By Eli Meixler
March 23, 2018

About 150 whales washed ashore in western Australia Friday, most of them now dead, prompting a massive effort to save the survivors as an incoming tropical cyclone approached.

The beached whales were first spotted by a fisherman in Hamelin Bay, about 180 miles south of Perth, the BBC reports. Most of the animals, believed to be short-finned pilot whales, had already perished, but rescue efforts by Parks and Wildlife officials, veterinarians and volunteers were soon underway to save an estimated 15 survivors.

“The strength of the animals and the windy and possibly wet weather conditions will affect when and where we attempt to move them out to sea,” said Jeremy Chick, an official from the Department of Biodiversity, Conservation and Attractions. “The main objectives are to ensure the safety of staff and volunteers, as well as the whales’ greatest chance of survival.”

The pile-up of whale bodies also prompted a shark alert for nearby beaches, as the dead carcasses could attract the predators, the BBC reports.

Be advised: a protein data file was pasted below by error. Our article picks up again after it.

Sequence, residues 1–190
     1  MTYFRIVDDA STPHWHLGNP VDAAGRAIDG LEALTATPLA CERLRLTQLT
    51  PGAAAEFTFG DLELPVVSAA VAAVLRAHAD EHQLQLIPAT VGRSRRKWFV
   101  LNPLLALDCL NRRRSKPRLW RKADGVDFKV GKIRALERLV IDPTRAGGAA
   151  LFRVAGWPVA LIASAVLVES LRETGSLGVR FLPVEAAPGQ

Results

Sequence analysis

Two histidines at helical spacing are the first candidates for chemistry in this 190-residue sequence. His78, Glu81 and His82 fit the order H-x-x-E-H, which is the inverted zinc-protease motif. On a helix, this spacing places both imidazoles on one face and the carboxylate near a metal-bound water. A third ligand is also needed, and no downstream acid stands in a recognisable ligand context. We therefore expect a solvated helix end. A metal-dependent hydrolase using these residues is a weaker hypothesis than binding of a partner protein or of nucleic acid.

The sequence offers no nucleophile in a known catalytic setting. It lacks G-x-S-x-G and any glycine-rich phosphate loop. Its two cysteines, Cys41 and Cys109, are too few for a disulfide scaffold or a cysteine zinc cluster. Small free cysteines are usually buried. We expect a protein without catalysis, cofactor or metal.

Scientists have not yet identified the cause of the event, but mass beachings, particularly involving long- and short-finned pilot whales, are not infrequent in Western Australia, Curtin University marine biology specialist Bec Wellard told ABC Australia.

Most are caused by human activity, illness, or a pod making a navigational error. In 2009, about 80 whales and dolphins died in a mass beaching at the same location, while 20 whales were beached in Bunbury, western Australia in 2015.

Write to Eli Meixler at eli.meixler@time.com.

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